A further object is to provide a power-operated booster brakemechanism whereinfsimple,

fluid pressures in the booster-motor, thus reducingthe cost of manufacture ofuthe device while greatlyimproving-the efliciencyofgthe mechanism.

i A further object is to provide such a me'chahim which is extremely sensitive aslto feel? and as to the accuracy of the follow-up operation of the booster motor with respect to the movement of the brake pedal, such accuracy and sensitive response view taken centrally associated element's, v

Figure l is a similar view taken through the through the air valve and fluid is displacedfrom the master cylinder I I through a conduit l4 to a booster unit indicated as a whole by the numerall5, From the booster unit, fluid is displaced through a conduit IE -to the four wheel cylinders of the braking mechanism, all of which are conventional and are 45 economically manufactured poppet valves are employed for controlling indicated by the numeral l1.

-The booster mechanism co'inprises a motor formed of a pair of easing sections I8, and I9 which are preferably stampings from the same dies. Thesestampings are provided with complementary grooves 20 to receive the preferably thickened edge 2| of a flexible diaphragm 22.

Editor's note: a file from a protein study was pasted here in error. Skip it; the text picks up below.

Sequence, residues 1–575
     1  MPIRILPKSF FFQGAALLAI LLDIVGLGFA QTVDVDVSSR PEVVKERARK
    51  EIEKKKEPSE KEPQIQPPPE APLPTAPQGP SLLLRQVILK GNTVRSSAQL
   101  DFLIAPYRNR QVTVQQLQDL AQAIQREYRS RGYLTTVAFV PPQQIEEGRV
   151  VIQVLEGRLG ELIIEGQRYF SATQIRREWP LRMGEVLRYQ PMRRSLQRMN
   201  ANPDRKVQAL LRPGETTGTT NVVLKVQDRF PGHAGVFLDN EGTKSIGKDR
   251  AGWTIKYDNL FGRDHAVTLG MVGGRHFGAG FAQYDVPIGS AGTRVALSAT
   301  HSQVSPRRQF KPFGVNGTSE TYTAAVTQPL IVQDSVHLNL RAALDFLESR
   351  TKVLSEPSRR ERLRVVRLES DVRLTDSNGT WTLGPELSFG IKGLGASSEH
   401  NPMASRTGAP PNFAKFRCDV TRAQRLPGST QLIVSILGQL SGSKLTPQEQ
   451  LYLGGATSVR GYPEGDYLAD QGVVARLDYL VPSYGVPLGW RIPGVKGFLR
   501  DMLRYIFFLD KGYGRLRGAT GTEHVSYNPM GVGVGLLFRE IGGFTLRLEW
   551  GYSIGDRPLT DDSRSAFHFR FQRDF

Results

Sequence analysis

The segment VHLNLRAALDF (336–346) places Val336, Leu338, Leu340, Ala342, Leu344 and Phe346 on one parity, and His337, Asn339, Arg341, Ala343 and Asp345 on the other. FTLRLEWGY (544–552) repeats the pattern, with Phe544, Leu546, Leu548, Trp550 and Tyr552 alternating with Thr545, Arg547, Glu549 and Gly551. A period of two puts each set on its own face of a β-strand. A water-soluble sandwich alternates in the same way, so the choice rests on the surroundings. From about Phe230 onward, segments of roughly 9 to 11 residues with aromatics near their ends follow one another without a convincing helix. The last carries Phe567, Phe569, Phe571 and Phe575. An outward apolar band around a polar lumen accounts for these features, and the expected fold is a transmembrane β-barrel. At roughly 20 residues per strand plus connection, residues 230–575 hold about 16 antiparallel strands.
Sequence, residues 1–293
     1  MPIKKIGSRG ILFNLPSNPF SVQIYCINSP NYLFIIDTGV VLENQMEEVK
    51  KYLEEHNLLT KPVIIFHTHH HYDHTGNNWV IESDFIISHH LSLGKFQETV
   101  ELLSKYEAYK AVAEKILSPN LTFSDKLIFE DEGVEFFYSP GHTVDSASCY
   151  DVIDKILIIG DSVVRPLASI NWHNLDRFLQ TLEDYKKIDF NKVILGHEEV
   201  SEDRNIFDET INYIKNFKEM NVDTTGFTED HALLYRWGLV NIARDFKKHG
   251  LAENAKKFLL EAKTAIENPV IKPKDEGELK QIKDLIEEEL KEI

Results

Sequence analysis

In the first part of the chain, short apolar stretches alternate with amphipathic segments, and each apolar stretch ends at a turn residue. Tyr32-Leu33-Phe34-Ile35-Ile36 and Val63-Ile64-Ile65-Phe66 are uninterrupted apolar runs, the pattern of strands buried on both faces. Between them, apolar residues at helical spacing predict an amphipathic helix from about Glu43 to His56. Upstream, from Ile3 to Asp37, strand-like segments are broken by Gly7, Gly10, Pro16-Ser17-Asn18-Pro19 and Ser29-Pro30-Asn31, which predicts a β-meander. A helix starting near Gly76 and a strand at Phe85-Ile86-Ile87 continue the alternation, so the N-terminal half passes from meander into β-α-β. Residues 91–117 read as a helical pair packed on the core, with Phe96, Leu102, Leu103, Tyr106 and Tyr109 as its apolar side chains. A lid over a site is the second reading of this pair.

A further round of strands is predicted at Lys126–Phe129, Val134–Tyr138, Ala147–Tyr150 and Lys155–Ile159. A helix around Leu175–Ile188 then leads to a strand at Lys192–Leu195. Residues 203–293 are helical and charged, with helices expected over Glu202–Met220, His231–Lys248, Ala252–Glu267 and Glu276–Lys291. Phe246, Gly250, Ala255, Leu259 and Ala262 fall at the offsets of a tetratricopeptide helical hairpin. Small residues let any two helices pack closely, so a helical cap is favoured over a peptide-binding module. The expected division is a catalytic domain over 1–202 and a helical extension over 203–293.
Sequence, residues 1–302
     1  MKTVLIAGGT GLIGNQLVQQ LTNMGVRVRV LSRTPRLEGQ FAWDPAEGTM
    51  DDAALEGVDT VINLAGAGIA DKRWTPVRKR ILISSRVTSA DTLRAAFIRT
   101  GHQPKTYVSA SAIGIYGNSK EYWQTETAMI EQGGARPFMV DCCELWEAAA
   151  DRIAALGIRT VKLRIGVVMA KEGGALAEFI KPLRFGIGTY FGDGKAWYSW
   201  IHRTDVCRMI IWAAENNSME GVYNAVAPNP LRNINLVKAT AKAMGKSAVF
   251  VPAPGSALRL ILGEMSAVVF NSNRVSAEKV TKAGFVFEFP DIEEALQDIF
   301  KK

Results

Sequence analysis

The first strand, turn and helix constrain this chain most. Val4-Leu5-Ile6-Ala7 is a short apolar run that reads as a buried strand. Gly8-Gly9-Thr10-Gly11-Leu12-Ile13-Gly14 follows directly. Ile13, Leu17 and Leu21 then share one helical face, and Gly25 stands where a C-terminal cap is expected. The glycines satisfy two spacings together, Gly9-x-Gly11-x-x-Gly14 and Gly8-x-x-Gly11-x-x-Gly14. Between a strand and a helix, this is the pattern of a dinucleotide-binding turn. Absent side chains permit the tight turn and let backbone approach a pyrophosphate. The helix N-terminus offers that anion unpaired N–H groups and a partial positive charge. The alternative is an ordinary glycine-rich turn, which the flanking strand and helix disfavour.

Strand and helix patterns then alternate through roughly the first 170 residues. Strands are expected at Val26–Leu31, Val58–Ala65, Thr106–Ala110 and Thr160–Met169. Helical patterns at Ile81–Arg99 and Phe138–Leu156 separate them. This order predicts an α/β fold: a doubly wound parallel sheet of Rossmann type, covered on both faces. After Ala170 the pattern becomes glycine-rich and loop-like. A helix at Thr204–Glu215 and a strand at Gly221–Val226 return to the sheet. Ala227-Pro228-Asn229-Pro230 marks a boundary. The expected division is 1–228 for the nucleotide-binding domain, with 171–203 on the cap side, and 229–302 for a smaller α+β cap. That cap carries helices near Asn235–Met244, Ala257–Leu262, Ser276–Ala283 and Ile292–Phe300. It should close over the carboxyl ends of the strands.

, The outer peripheral edges of the casings l8 and F9 are received in'a stamped split clamping ring 23 the ends of which are provided with lugs 24 (Figure 2) through which passes a bolt 25 to clamp the ring 23 in positionand thus secure the numeral I 0 desigpassage 38 communicates with one end of a cylv inder 32 formed in the element 29, such end of the cylinder 32 being designated by the numeral 33 and forming an inlet or primary pressure chamber. At the same end of the cylinder 32, the element 29 is provided with a stop lug 34 for a purpose to be described.